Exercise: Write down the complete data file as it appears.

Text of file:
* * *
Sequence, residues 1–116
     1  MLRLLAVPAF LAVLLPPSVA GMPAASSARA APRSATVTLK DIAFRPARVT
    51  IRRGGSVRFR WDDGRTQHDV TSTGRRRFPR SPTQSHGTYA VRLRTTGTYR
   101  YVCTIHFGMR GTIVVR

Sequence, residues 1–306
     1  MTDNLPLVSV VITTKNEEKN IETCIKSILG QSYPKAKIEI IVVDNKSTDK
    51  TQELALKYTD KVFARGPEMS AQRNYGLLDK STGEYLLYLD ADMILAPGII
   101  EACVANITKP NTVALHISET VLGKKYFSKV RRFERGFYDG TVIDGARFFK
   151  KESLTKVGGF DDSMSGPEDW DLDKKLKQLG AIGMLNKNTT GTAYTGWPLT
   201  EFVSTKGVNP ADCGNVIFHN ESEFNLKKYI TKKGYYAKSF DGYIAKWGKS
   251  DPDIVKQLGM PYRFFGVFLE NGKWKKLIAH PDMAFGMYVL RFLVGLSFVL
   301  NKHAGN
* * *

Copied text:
Sequence, residues 1–116
     1  MLRLLAVPAF LAVLLPPSVA GMPAASSARA APRSATVTLK DIAFRPARVT
    51  IRRGGSVRFR WDDGRTQHDV TSTGRRRFPR SPTQSHGTYA VRLRTTGTYR
   101  YVCTIHFGMR GTIVVR

Sequence, residues 1–306
     1  MTDNLPLVSV VITTKNEEKN IETCIKSILG QSYPKAKIEI IVVDNKSTDK
    51  TQELALKYTD KVFARGPEMS AQRNYGLLDK STGEYLLYLD ADMILAPGII
   101  EACVANITKP NTVALHISET VLGKKYFSKV RRFERGFYDG TVIDGARFFK
   151  KESLTKVGGF DDSMSGPEDW DLDKKLKQLG AIGMLNKNTT GTAYTGWPLT
   201  EFVSTKGVNP ADCGNVIFHN ESEFNLKKYI TKKGYYAKSF DGYIAKWGKS
   251  DPDIVKQLGM PYRFFGVFLE NGKWKKLIAH PDMAFGMYVL RFLVGLSFVL
   301  NKHAGN